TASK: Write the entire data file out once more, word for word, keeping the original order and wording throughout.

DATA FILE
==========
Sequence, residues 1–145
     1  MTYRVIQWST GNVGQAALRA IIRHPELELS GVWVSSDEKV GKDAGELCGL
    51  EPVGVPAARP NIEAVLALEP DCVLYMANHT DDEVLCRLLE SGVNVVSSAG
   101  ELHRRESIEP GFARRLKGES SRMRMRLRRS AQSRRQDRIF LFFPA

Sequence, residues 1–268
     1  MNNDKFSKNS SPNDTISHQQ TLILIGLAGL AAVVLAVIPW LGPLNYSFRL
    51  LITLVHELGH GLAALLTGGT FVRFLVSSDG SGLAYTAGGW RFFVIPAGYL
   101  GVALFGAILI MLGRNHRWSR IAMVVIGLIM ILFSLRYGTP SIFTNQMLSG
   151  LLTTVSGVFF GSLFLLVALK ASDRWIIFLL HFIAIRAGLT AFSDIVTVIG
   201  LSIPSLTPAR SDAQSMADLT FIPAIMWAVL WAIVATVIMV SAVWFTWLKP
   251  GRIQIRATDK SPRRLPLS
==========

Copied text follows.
Sequence, residues 1–145
     1  MTYRVIQWST GNVGQAALRA IIRHPELELS GVWVSSDEKV GKDAGELCGL
    51  EPVGVPAARP NIEAVLALEP DCVLYMANHT DDEVLCRLLE SGVNVVSSAG
   101  ELHRRESIEP GFARRLKGES SRMRMRLRRS AQSRRQDRIF LFFPA

Sequence, residues 1–268
     1  MNNDKFSKNS SPNDTISHQQ TLILIGLAGL AAVVLAVIPW LGPLNYSFRL
    51  LITLVHELGH GLAALLTGGT FVRFLVSSDG SGLAYTAGGW RFFVIPAGYL
   101  GVALFGAILI MLGRNHRWSR IAMVVIGLIM ILFSLRYGTP SIFTNQMLSG
   151  LLTTVSGVFF GSLFLLVALK ASDRWIIFLL HFIAIRAGLT AFSDIVTVIG
   201  LSIPSLTPAR SDAQSMADLT FIPAIMWAVL WAIVATVIMV SAVWFTWLKP
   251  GRIQIRATDK SPRRLPLS